Kyaw Zwa Moe: Welcome to Dateline Irrawaddy. It is certain that the National League for Democracy (NLD), which won a landslide in the November election, will elect the president and form the government next year. This week, we’ll discuss what the economic and political policies of the NLD will be. Political commentator Ko Wa and Irrawaddy’s peace and ethnic affairs reporter Ko Kyaw Kha will join me for the discussion. I’m Kyaw Zwa Moe of The Irrawaddy’s English edition.
Ko Wa and Ko Kyaw Kha, NLD’s election policies can be seen in its manifesto. I think it is important because NLD will form government and adopt policies based on this. The manifesto focuses on four points for bringing about change in Burma: firstly, ethnic affairs and internal peace; secondly, emergence of a Constitution which can guarantee peaceful co-existence of the nation; thirdly, the emergence of an administration which will fairly protect the people; and fourth, is ensuring development along with safety and freedom. So, the NLD gives top priority to ethnic affairs and internal peace. Ko Kyaw Kha, the NLD has explained in more detail in its manifesto. How much do you think NLD will be able to do this and how is the response of ethnic leaders you have talked to?
Kyaw Kha: It is quite good that ethnic affairs and internal peace top the manifesto. Ethnicities would welcome this because its declaration also touches upon national reconciliation, and a genuine federal union. This is what ethnic leaders are demanding. This is the common ground. If NLD government negotiates peace with ethnic groups, I think the peace process will work smoothly, as the two sides have the same policies.
But then, the cooperation of the military plays an important part here. How much is the military willing to cooperate? Because there is an example in which President U Thein Sein has called for the stopping of attacks in Kachin State, but the military didn’t listen and continued its attack. As the consequence, clashes have continued over the past five years in Shan State and Kachin State and are still displacing local people. If these things end and the military cooperate, the peace process will be quite successful in the time of the NLD government.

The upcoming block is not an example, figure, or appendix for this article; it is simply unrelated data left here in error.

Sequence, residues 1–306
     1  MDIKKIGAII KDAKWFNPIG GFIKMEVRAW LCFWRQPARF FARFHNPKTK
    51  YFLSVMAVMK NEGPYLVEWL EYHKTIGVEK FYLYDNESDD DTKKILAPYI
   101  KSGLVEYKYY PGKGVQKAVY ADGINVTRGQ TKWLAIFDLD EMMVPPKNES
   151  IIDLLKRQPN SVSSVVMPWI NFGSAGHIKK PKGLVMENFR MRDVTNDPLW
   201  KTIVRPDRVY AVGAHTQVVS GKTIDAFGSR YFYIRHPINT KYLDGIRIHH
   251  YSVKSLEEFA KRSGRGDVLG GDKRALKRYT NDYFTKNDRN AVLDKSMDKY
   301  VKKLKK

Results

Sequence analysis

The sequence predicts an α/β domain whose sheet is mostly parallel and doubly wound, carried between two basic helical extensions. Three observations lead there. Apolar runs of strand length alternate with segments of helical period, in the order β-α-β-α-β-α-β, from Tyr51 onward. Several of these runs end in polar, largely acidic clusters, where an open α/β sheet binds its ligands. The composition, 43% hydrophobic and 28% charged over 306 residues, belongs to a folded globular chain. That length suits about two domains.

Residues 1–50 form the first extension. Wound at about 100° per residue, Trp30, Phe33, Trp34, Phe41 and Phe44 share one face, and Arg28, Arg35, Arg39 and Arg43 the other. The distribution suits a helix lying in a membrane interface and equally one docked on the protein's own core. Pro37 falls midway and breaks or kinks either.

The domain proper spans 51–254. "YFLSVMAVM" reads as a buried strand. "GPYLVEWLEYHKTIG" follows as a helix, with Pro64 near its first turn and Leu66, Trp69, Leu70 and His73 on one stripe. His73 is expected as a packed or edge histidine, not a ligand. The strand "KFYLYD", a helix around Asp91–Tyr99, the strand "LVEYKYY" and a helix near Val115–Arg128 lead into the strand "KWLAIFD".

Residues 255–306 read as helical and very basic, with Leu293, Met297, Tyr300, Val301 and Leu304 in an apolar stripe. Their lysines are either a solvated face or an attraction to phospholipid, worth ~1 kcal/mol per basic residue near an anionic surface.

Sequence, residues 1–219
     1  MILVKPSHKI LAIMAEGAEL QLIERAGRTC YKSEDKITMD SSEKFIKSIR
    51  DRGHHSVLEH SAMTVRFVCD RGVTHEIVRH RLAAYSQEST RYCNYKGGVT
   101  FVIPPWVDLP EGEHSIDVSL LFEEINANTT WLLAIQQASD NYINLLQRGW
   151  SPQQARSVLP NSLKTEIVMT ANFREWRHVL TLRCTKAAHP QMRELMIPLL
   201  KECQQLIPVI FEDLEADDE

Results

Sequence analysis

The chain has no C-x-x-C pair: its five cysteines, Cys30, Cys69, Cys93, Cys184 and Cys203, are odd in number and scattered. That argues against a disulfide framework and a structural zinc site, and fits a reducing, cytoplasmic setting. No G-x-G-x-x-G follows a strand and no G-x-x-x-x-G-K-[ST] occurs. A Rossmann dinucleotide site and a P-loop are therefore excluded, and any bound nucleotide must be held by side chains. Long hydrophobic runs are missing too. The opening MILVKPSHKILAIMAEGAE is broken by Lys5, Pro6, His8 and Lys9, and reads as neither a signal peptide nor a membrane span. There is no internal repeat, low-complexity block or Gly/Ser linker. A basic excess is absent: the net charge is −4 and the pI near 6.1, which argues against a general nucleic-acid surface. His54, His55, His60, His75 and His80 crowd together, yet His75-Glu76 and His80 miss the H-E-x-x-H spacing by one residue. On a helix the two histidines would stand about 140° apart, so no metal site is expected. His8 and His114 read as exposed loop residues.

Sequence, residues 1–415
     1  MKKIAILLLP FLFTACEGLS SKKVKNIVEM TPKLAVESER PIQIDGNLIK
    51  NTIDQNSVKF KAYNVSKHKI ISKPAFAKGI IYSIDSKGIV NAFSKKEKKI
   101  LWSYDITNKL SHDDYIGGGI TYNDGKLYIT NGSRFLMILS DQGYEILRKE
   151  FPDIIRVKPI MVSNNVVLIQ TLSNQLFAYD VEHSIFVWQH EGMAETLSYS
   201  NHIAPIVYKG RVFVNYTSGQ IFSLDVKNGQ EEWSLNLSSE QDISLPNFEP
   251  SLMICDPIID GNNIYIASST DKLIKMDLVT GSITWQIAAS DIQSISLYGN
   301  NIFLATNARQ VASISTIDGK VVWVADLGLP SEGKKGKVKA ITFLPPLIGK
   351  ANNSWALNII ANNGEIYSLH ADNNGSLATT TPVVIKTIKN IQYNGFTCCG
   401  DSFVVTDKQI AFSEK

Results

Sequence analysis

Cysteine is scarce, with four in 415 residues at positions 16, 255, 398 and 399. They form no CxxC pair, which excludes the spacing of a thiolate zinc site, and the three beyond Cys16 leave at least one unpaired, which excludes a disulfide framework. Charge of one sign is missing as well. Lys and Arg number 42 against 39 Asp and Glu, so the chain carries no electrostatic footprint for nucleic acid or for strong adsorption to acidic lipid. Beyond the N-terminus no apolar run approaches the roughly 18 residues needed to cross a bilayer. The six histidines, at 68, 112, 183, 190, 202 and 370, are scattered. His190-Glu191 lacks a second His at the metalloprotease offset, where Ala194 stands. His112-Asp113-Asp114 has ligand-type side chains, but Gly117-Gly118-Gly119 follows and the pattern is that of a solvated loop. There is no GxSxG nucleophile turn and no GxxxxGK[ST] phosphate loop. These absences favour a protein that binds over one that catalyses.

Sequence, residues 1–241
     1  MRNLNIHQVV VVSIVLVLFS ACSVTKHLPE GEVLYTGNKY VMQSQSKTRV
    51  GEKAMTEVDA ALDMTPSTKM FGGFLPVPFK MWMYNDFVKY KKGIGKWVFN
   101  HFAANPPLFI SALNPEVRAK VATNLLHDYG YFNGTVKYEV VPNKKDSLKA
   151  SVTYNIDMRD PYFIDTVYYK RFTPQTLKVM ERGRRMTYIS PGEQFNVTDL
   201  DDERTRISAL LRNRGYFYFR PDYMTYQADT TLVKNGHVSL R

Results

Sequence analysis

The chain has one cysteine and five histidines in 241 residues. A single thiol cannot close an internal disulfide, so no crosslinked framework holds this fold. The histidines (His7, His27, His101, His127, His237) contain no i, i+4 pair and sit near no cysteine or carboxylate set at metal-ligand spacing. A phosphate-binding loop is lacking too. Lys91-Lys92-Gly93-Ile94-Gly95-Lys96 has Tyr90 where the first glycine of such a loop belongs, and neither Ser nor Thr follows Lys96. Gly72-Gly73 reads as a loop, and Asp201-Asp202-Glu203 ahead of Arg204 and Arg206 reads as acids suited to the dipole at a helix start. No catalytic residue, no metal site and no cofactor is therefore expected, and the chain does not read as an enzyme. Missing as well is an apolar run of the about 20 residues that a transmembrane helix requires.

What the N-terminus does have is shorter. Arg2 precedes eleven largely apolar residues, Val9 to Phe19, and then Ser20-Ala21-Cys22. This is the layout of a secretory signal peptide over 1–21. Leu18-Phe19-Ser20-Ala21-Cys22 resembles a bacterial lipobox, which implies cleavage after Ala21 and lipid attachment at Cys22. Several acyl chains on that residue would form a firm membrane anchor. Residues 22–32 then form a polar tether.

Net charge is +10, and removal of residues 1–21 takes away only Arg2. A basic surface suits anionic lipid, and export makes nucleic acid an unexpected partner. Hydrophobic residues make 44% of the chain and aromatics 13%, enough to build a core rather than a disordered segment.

KZM: The military does play the major role, in particular with regard to internal peace and ceasefire. Yes, it is the question of the willingness of the military for cooperation. The NLD has officially said that Daw Aung San Suu Kyi herself would take the lead role in peace process. Perhaps because the party leader, who can’t become the president, thinks that it is the most important thing and therefore wants to take responsibility. Are ethnic leaders more positive about holding peace talks with Daw Aung San Suu Kyi in comparison with the U Thein Sein government?
Ko Wa: In my view, the election shows that both ethnic armed organizations and ethnic people support Daw Aung San Suu Kyi. The peace process will have better prospects as non-signatories to the nationwide ceasefire agreement are more likely to participate under the leadership of Daw Aung San Suu Kyi. But NLD executive member U Win Htein said that it is not practical to include political parties that did not win the election in the peace process. I accept that the winning parties will take part in peace process as the decision makers, but something like an advisory council should be formed and parties that did not win the election should be included in it, and their views should be sought through meaningful discussion, I believe.
KZM: Speaking of ethnic issues, I found two points particularly interesting, though the NLD’s election manifesto includes six points. The second point is “to tackle the root causes of local armed conflicts and ensure the secure and peaceful living of people through political dialogue, held in the spirit of Panglong and without grudges.” Compared to other political leaders, Daw Aung San Suu Kyi is more likely to revive the Panglong spirit which was introduced by her father, Gen. Aung San. She would continue what her father had done, but not yet completed. The fifth is “to ensure the equal sharing of profits from natural resources between regions according to federalism.” If this could really be done, it would please ethnic leaders, I think.
KK: It is one of the major demands of ethnic leaders. Ethnic people did not get profits from resources, both in the time of the current government and former military regime. The current government has failed to take effective action in this area and has only appointed (ethnic affairs) ministers for show. If this could be really done by the NLD government, it would no doubt facilitate national unity.
KZM: Apart from ethnic affairs and the peace process, the NLD said clearly in its third point “to reduce ministries to streamline the administration”. It says that ministries will be reduced to save State’s expenditure and form an efficient and lean government. It does not say exactly how many. But it will do so when it forms the government in March. What is your take on this? How many ministries will it reduce? At present, we have 31 ministries.